A story from MacMillan Learning, David Myers shares his cochlear implant success story journey and experiences with others. If you are thinking about a cochlear implant or are just curious, take a read about David’s personal experience. It’s not a simple activate the cochlear implant and away you go. It’s more about being mindful and realistic what to expect and giving your brain, and yourself, the patience and compassion to adapt to a new world of speech and sound comprehension.
On October 17, Over-the-Counter (OTC) hearing aids were finally approved for consumers to learn, explore and try. With countless millions of people suffering with hearing loss and high hearing aids costs, this may potentially be a real game changer.
Please see the HLAA resources below to learn more about OTC hearing aids, if you need one, and how to approach finding hearing aids that you can feel happy with.
HLAA played a big role in not only providing guidance on OTC regulations and rules, but also getting the word out to the media and our consumers. It will take time to truly find what works for you, but your hearing wellness should be your top priority!
See what HLAA has been involved with in the OTC news!
The U.S. Department of Labor wants feedback from persons who are deaf or with hearing loss and their experience accessing employment services through American Job Centers. They are looking for people who have recently used or interacted with American Job Centers who would be willing to share their input in an hour-long virtual listening session.
To participate in an hour-long listening session hosted by the Department of Labor’s Office of Disability Employment Policy (ODEP) and the Civil Rights Center (CRC), participants should have:
interacted with public or government-funded employment agencies, such as American Job Centers or One Stop,
had these interactions within the past five years,
used either a phone call, in-person meeting, or virtual meeting as part of this interaction.
Two meeting dates are set. Each meeting is 60 minutes long on Zoom platform and will include live/ASR captioning, CART captioning, and ASL.
Monday, September 12 at 3 p.m. ET Wednesday, September 14 at Noon ET
To participate or to learn more, contact *Michael Petrick, Program Manager at Economic Systems at firstname.lastname@example.org.
Hearing Loss Association of America (HLAA) has an annual fundraiser and raising awareness for hearing loss event called Walk4Hearing. It had been three years since we all got together for this event so for many attending, it was highly anticipated.
The LA Chapter “LA Stars” was once again the top fundraising team. We raised over $7,000 with many of our chapter members participating to raise funds for this important event. The weather was beautiful and the location perfect to enjoy and spread the word. Many folks stayed afterward for a nice lunch and to catch up. We also had a good turnout but expect a bigger turnout next year as many folks didn’t attend this year out of precaution with Covid.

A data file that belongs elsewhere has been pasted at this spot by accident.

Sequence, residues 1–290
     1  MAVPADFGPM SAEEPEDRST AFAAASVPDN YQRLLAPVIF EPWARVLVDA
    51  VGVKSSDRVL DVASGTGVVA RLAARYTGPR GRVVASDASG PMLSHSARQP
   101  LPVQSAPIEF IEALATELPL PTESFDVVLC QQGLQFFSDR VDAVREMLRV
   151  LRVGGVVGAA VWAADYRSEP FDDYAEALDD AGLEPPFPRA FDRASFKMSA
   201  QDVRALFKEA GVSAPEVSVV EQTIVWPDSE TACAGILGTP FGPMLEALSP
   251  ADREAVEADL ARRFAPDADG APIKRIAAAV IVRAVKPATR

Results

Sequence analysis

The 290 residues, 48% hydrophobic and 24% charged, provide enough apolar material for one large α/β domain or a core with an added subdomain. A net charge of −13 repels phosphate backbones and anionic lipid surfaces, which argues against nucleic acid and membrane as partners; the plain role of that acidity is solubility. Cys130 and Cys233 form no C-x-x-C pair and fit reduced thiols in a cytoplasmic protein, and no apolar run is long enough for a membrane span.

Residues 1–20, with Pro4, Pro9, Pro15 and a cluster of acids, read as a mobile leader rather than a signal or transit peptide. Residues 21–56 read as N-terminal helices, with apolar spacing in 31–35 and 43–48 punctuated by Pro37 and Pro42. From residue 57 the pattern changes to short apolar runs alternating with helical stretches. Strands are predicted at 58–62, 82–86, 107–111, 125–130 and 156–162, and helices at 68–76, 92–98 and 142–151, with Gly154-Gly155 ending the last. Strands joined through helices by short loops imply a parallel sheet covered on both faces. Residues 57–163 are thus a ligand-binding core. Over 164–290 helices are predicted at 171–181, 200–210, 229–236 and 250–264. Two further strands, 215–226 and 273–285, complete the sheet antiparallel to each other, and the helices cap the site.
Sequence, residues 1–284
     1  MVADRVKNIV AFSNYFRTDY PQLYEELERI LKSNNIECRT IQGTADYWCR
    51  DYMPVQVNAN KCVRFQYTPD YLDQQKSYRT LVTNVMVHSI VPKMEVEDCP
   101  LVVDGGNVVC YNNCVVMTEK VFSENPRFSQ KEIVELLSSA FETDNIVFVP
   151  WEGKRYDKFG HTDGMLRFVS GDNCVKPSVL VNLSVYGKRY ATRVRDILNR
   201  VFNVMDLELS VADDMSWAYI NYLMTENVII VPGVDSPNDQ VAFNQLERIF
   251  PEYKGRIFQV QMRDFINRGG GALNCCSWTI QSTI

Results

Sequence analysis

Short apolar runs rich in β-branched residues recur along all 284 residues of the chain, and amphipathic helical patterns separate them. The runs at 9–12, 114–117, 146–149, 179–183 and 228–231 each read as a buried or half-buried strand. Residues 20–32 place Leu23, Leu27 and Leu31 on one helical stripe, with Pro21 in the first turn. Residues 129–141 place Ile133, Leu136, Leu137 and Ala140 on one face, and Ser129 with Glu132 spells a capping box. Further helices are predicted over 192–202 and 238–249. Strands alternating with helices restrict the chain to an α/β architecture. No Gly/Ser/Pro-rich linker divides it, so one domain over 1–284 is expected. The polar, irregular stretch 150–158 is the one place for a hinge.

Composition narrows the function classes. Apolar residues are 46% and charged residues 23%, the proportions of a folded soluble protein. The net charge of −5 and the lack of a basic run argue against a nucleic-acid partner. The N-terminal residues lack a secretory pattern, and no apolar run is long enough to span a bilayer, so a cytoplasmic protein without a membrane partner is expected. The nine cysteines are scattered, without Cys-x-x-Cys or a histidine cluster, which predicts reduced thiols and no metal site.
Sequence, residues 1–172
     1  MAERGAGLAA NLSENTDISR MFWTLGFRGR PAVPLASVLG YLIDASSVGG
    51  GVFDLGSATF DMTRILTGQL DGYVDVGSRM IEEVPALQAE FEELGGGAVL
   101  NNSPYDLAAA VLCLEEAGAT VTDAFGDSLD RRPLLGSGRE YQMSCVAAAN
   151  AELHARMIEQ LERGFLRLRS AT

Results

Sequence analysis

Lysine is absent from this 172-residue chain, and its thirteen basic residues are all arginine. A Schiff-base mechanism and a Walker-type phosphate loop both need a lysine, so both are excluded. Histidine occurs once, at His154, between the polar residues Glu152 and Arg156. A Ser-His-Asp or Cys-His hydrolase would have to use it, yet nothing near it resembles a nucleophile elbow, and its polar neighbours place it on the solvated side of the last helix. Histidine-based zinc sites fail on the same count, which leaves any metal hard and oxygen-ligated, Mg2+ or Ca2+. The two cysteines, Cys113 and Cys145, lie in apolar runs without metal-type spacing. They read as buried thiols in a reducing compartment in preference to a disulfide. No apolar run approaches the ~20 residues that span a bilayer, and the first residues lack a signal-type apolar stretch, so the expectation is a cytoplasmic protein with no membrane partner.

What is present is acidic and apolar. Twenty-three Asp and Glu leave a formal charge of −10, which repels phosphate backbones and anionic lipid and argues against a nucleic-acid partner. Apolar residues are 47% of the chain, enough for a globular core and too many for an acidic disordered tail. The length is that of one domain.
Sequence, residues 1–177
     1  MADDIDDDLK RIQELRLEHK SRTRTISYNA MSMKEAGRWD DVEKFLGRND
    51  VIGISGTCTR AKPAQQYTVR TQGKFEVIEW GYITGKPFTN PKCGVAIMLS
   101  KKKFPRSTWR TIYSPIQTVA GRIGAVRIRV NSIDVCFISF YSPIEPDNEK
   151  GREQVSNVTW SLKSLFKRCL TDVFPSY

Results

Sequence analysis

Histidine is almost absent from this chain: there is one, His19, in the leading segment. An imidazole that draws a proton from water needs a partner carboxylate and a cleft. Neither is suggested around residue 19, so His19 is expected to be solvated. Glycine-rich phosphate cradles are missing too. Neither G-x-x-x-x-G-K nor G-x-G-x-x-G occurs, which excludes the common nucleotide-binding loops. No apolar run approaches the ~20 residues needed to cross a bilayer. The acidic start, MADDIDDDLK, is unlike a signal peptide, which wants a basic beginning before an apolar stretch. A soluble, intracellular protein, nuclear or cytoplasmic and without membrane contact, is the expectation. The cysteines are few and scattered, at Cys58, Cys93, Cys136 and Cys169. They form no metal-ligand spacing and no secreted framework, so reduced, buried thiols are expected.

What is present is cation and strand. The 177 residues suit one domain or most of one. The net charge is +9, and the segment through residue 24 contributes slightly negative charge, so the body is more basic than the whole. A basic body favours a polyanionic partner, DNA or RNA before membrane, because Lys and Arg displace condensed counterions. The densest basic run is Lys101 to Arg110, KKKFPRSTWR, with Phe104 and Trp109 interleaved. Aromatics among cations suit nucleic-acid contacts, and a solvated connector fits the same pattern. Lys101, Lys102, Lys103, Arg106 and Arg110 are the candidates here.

Wonderful memories and friends made with excitement already started for next year. See you then!
If you have any questions or would like to learn more, please contact us at email@example.com.
Do you wish your family members better understood how to communicate with your hearing loss? Or if you care for a loved one with hearing loss, do you get frustrated or don’t know how to help? It’s a two-way street when finding that balance toward effective communication between hearing loss and hearing.
Zina Jawadi, an HLAA board of directors member and well known throughout the world of HLAA, shares her personal hearing loss journey. Zina, currently a medical student at UCLA Medical Center in Los Angeles, discusses the challenges she faces as a medical student and what she has learned to improve communication for all.
But like so many aspects of life, hearing health care was impacted by COVID, sometimes causing radical changes that could prove to be permanent. Four people deeply involved in the world of hearing health care—Sydlowski; Kate Carr, president of the Hearing Industries Association (HIA); Barbara Kelley, executive director of the Hearing Loss Association of America (HLAA); and Donna Sorkin, executive director of the American Cochlear Implant (ACI) Alliance—provided personal insights into these changes, as well as initial expectations, surprises, hopes for the future, and silver linings.
Kelley also hopes the heightened awareness of hearing caused by facial coverings will lead to more patients getting the care they need.
“I want to drive more people to hearing health care. Hearing health is part of overall wellness.”
President Joe Biden’s new executive order, signed on Friday, July 9, includes a directive to HHS to consider issuing proposed rules within 120 days for allowing hearing aids to be sold over the counter. The executive order said that the four largest hearing aid manufacturers now control 84% of the market and that hearing aids, which cost more than $5,000 per pair, are “so expensive that only 14% of the approximately 48 million Americans with hearing loss use them.”
Watch how this could impact you in five different ways.